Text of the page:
What is Social Emotional Learning?
What Does SEL Instruction Look Like?
There are many ways to provide SEL instruction to school-age children. The most natural is for the adults at the school to connect regularly with students, and to model respect, kindness, and connectedness. For example, greeting students by name as they arrive at school.
Additional SEL instruction might include formal learning about emotions, positive communication, or self-regulation. This can be provided through assemblies, classroom instruction, or additional programing, such as the Roots of Empathy program. Monday Morning Meeting and classroom meetings also provide opportunities to introduce children to SEL skills and to allow for practice those skills. Service learning projects, such as coat drives or bake sales give children the opportunity to take responsibility and to express caring for others. Before and after school programs may also offer opportunities for skill building.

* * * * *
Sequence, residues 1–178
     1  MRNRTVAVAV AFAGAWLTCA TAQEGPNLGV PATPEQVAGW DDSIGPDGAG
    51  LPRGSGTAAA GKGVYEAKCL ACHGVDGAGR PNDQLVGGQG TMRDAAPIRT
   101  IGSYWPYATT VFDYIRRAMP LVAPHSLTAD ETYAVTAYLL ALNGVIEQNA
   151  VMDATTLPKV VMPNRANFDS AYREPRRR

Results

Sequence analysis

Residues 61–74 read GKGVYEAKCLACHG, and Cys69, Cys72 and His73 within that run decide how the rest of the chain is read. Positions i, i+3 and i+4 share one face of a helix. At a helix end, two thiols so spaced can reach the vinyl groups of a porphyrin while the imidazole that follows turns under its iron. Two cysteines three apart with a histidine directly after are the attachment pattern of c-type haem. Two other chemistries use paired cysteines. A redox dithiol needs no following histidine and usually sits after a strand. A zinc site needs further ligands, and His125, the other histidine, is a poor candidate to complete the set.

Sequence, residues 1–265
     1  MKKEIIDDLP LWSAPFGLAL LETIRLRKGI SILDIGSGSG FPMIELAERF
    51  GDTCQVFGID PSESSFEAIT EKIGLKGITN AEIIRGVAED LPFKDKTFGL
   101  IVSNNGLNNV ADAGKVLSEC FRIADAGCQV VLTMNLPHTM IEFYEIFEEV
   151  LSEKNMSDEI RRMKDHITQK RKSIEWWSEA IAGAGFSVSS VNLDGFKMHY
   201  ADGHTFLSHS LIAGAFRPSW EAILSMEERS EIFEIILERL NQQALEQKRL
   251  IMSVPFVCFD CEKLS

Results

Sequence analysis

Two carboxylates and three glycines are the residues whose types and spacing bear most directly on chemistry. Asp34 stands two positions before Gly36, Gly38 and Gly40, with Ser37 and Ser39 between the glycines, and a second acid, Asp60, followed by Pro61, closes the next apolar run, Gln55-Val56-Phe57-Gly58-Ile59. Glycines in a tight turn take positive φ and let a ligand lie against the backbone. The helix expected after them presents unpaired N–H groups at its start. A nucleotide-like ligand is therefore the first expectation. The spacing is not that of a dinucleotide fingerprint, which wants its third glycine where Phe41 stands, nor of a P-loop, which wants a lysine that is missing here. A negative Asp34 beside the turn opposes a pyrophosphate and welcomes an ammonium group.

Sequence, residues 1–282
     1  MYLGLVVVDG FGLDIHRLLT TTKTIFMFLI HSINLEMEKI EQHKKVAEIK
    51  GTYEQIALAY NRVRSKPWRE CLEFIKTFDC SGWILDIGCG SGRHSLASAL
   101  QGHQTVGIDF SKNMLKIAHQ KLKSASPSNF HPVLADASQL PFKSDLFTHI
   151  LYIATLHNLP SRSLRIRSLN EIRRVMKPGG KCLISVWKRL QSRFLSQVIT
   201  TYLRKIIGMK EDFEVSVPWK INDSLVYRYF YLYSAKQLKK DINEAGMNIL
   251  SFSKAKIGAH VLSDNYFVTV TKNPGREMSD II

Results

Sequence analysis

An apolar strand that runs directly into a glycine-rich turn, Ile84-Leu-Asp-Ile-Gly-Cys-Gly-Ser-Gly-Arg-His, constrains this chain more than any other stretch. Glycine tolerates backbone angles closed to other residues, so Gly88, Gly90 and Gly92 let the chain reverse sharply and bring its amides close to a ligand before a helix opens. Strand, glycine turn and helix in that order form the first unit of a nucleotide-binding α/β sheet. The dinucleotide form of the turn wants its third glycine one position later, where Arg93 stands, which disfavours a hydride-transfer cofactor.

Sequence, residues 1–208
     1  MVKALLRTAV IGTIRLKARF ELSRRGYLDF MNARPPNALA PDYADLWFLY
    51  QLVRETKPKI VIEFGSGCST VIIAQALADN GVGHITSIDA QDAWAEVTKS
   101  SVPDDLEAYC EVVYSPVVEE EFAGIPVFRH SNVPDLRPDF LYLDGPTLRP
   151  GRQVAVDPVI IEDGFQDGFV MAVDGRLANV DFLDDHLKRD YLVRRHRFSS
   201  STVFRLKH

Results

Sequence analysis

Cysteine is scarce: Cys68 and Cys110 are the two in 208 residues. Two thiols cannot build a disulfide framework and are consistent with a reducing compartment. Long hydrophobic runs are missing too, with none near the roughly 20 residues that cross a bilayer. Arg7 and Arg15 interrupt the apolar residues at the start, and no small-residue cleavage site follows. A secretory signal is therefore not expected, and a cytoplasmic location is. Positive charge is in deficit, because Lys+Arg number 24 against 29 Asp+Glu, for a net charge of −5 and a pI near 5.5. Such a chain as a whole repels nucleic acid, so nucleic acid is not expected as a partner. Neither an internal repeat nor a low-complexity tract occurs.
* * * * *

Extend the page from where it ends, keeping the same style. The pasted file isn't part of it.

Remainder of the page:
Core Competencies & SEL
The best way to develop the SEL skills of children it to introduce them to SEL skills, and then to give them multiple opportunities to practice those skills. Researchers have identified 5 categories of SEL skills, which they often call 'core competencies'. They are: self-awareness (sometimes called emotional literacy), social-awareness, self-management (sometimes called self-regulation), relationship skills, and responsible decision making.
Children need many opportunities to practice SEL skills, at school and at home. Making mistakes is tremendously important to becoming fluent in SEL skills. QAE teachers look for multiple opportunities for students to practice their SEL skills, such as with our conflict resolution program (Kelso's Choice). The Positive Discipline in the Classroom program provides an excellent framework through which the teachers can introduce SEL skills and give children opportunities to practice and gain fluency.